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Iceland’s Volcano: One Year Later

By Jack Phillips
Epoch Times Staff
Created: April 12, 2011 Last Updated: April 12, 2011
Related articles: World » Europe
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Flight cancellations are displayed at Belfast City Airport in Belfast, Northern Ireland May 17, 2010. Ash clouds caused by a surge in activity from Iceland's Eyjafjoell volcano brought fresh travel chaos to thousands of passengers Monday, as airports shut (Peter Muhly/AFP/Getty Images)

Flight cancellations are displayed at Belfast City Airport in Belfast, Northern Ireland May 17, 2010. Ash clouds caused by a surge in activity from Iceland's Eyjafjoell volcano brought fresh travel chaos to thousands of passengers Monday, as airports shut (Peter Muhly/AFP/Getty Images)

Last April, Iceland’s Eyjafjallajökull volcano eruption was an economic and logistical nightmare for the millions of travelers in Europe. But one year later, European Union officials say they are amply prepared if the volcano—or one like it—blows again.

Even though “volcanoes and other aviation crises are by their nature unpredictable,” the EU has made headway in putting systems in place to prevent another travel disaster, said European Commission Vice-President Siim Kallas.

Eyjafjallajökull continuously spewed out a miasma of ash for more than a month, resulting in the cancellation of roughly 100,000 flights, at a cost to the airline industry of about estimated $1.7 billion.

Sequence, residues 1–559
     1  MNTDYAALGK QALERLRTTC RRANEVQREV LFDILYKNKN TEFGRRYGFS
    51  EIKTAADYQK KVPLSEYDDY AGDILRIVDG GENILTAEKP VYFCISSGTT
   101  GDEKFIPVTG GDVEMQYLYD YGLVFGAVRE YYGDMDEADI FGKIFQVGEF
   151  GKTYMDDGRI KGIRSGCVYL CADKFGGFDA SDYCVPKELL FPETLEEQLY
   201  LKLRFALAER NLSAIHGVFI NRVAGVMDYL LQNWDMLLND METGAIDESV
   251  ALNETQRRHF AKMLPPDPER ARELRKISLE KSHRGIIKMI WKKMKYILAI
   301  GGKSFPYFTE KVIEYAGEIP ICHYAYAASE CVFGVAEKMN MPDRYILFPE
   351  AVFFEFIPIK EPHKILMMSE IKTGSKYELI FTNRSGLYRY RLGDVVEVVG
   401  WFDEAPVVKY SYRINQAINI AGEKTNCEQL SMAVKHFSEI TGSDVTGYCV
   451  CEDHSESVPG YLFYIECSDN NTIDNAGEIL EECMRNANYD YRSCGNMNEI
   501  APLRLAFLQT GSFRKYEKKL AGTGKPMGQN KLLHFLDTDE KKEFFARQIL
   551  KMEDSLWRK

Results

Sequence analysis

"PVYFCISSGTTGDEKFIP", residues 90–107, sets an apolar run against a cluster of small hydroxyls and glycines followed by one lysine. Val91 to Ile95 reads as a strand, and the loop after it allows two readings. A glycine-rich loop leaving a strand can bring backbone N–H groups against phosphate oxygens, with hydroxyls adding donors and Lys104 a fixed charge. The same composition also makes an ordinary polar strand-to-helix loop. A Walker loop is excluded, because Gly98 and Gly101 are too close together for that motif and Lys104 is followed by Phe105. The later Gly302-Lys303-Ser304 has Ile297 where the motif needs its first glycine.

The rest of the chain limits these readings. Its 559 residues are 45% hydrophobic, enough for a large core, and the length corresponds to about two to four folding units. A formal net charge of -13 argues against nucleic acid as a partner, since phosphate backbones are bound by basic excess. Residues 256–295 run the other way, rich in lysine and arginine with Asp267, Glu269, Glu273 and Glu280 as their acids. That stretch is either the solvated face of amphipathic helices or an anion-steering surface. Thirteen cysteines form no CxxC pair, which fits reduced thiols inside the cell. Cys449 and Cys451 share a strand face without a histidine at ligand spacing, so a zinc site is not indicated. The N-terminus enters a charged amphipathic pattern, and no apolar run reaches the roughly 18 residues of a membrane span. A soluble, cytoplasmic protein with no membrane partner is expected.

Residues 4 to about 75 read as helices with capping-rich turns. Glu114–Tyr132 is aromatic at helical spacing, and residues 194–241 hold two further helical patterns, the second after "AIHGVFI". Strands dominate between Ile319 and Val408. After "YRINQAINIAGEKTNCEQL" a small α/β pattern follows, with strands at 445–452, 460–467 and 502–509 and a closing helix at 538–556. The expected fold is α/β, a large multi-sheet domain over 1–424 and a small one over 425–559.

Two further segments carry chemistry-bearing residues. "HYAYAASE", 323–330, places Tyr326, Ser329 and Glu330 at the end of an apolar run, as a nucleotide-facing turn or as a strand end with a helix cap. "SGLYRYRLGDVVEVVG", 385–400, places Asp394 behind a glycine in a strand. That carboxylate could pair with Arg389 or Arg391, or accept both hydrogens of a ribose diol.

The troublesome volcano is now completely dormant and on April 14, which marks the one-year anniversary of the day it first erupted, a small visitor center is being opened for tourists—yes, tourists.

Those who wish to see source of the economic destruction that was wrought upon Europe can book a flight on Iceland Express, which is now capitalizing on last year's ordeal.

The main reason for the canceled flights was fear that large plumes of ash would clog airplane engines. The measure was mainly taken as a precaution since the airlines were not clear on the extent of the danger.

The EU said that airline engine manufacturers will now have to, by law, “provide detailed information about risk associated with volcanic ash exposure and tolerance levels of the different engines they produce.”

This fall, the EU said it will use this information to come up with a proposal to require engine manufacturers to tell airlines the risks associated with volcanic ash getting sucked into their engines.

Other systems that will also be put in place include better meteorological systems and new radar systems for enhanced modeling and thus, greater accuracy and prediction.

Such models can provide “accurate, timely and consistent information about the position, amount, composition, altitude, projected trajectory, and drift of volcanic ash,” the EU stated.




   

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